The effect of adherence on cognition in a multidomain lifestyle intervention (FINGER).
Alzheimer's & dementia : the journal of the Alzheimer's Association. 2022;(7):1325-1334
INTRODUCTION Lifestyle interventions may prevent cognitive decline, but the sufficient dose of intervention activities and lifestyle changes is unknown. We investigated how intervention adherence affects cognition in the FINGER trial (pre-specified subgroup analyses). METHODS FINGER is a multicenter randomized controlled trial examining the efficacy of multidomain lifestyle intervention (ClinicalTrials.gov NCT01041989). A total of 1260 participants aged 60 to 77 with increased dementia risk were randomized to a lifestyle intervention and control groups. Percentage of completed intervention sessions, and change in multidomain lifestyle score (self-reported diet; physical, cognitive, and social activity; vascular risk) were examined in relation to change in Neuropsychological Test Battery (NTB) scores. RESULTS Active participation was associated with better trajectories in NTB total and all cognitive subdomains. Improvement in lifestyle was associated with improvement in NTB total and executive function. DISCUSSION Multidomain lifestyle changes are beneficial for cognitive functioning, but future interventions should be intensive enough, and supporting adherence is essential.
Psychosocial determinants for adherence to a healthy lifestyle and intervention participation in the FINGER trial: an exploratory analysis of a randomised clinical trial.
Aging clinical and experimental research. 2022;(8):1793-1805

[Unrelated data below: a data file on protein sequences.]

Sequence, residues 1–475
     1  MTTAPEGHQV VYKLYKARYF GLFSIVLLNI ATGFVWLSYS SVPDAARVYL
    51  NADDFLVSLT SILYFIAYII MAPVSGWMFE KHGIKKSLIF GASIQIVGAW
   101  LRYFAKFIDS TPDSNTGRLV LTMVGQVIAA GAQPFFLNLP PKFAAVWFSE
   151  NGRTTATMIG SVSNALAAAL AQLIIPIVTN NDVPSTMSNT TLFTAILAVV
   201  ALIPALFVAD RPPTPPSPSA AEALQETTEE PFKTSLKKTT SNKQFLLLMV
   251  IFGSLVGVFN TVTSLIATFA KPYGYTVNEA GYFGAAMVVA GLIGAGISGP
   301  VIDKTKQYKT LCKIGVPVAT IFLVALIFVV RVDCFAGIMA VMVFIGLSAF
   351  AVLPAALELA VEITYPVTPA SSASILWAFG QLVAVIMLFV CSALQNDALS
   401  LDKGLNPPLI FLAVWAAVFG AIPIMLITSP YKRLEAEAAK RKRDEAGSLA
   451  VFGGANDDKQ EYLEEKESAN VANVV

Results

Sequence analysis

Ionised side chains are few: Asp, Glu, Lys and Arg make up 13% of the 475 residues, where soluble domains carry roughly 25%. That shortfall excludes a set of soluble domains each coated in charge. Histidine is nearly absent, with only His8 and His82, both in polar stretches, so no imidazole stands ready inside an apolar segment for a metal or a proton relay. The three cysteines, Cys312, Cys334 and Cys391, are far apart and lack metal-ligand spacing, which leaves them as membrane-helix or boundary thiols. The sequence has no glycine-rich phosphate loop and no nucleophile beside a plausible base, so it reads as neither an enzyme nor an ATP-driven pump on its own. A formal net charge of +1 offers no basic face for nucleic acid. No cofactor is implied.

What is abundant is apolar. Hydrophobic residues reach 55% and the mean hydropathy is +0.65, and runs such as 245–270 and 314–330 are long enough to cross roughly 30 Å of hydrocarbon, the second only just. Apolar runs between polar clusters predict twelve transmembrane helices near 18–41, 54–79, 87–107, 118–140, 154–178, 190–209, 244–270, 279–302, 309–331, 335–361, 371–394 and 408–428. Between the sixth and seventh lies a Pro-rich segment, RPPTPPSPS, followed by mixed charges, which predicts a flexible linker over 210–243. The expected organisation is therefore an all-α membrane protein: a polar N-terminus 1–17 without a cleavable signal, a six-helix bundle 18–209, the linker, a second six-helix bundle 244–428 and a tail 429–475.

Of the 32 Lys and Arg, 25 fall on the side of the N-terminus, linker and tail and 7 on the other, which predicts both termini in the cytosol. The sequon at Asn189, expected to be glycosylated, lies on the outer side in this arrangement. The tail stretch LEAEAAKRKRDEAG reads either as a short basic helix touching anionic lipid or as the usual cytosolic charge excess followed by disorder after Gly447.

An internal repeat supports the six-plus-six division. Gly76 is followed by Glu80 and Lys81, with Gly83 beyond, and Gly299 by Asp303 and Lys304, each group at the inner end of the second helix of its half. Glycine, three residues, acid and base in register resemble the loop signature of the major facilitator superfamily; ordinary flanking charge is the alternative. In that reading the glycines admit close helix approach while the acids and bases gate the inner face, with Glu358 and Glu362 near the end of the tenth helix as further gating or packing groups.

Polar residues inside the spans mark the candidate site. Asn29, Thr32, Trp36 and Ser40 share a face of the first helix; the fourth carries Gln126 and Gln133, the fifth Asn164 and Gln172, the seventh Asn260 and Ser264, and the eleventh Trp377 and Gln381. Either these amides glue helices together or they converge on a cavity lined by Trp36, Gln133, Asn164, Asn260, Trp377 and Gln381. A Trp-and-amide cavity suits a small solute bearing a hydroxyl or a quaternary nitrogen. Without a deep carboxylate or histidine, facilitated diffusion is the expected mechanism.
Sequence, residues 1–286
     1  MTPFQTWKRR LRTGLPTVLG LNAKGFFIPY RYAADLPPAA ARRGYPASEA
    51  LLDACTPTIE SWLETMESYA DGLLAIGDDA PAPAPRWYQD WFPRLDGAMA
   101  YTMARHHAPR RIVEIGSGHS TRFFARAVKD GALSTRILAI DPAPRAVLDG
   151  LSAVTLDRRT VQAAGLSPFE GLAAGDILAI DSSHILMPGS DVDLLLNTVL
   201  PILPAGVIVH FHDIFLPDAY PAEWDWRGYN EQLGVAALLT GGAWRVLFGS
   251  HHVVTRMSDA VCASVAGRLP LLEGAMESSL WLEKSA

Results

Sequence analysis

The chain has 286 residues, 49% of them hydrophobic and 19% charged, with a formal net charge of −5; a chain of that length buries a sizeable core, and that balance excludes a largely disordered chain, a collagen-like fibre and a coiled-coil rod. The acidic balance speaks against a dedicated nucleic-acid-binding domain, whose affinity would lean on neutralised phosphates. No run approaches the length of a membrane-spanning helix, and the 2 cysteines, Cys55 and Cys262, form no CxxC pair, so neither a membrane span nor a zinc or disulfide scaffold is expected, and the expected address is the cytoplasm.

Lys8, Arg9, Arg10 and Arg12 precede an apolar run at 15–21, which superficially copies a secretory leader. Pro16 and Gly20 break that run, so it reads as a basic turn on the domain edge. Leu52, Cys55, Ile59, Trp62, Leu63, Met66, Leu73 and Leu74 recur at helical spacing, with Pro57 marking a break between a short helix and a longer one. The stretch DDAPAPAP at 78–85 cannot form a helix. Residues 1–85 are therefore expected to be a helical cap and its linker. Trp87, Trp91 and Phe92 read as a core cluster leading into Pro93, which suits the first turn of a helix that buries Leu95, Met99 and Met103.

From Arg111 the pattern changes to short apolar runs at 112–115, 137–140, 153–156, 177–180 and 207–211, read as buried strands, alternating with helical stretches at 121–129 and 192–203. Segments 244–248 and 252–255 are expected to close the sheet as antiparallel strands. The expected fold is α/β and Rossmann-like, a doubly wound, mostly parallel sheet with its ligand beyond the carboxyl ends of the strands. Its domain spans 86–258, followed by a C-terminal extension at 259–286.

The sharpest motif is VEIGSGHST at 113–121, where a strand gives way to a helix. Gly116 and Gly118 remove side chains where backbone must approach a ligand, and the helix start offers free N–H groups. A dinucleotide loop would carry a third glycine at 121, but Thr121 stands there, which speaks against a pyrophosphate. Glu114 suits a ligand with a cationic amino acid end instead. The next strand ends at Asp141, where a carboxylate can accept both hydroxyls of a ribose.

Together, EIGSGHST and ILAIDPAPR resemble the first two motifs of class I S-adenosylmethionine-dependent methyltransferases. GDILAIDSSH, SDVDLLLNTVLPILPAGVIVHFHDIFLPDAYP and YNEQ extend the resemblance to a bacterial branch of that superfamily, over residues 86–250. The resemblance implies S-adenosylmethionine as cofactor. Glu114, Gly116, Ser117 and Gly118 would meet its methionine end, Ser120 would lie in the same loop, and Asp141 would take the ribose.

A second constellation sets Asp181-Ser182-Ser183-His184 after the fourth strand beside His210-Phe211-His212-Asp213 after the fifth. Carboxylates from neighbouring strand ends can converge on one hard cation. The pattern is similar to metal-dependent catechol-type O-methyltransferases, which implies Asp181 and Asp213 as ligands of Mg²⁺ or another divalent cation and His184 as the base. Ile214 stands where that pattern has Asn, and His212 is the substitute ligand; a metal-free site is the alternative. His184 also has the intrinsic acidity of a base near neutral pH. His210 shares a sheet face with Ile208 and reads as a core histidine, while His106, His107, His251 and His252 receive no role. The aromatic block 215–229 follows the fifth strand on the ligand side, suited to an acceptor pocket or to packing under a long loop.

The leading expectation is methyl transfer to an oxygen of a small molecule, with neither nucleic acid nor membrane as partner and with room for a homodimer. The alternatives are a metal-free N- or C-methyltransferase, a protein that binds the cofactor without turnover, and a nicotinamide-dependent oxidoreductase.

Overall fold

BACKGROUND AND AIMS Psychosocial factors may affect adherence to lifestyle interventions and lifestyle changes. The role of psychosocial factors in dementia prevention needs more research. We aimed at clarify the issue in the Finnish Geriatric Intervention Study to Prevent Cognitive Impairment and Disability (FINGER). METHODS The population included 1260 participants aged 60-77 years at risk for cognitive decline, randomised to a multidomain lifestyle intervention or regular health advice for 2 years. Adherence was evaluated as participation in the provided activities and actual lifestyle changes, separately for each domain (diet, exercise, social/cognitive activity, vascular risk management) and combined into multidomain. Psychosocial factors were measured at trial baseline (depressive symptoms; study perception; health-related quality of life, HRQoL) and earlier life (hopelessness; satisfaction with family life, achievements, and financial situation). RESULTS Depressive symptoms, hopelessness, and nonpositive study perception were negatively and HRQoL positively associated with participation in the multidomain intervention. Depressive symptoms, lower HRQoL, hopelessness and dissatisfaction with financial situation were associated with unhealthier lifestyles at baseline. Baseline depressive symptoms and lower HRQoL predicted less improvement in lifestyle, but did not modify the intervention effect on lifestyle change. DISCUSSION AND CONCLUSIONS Several psychosocial factors were associated with participation in lifestyle intervention, while fewer of them contributed to lifestyle changes. Although the intervention was beneficial for lifestyle changes independent of psychosocial factors, those most in need of lifestyle improvement were less likely to be active. Tailoring lifestyle-modifying strategies based on the need for psychosocial support may add efficacy in future trials. TRIAL REGISTRY ClinicalTrials.gov NCT01041989 2010-01-05.
Effect of a multi-domain lifestyle intervention on cardiovascular risk in older people: the FINGER trial.
European heart journal. 2022;(21):2054-2061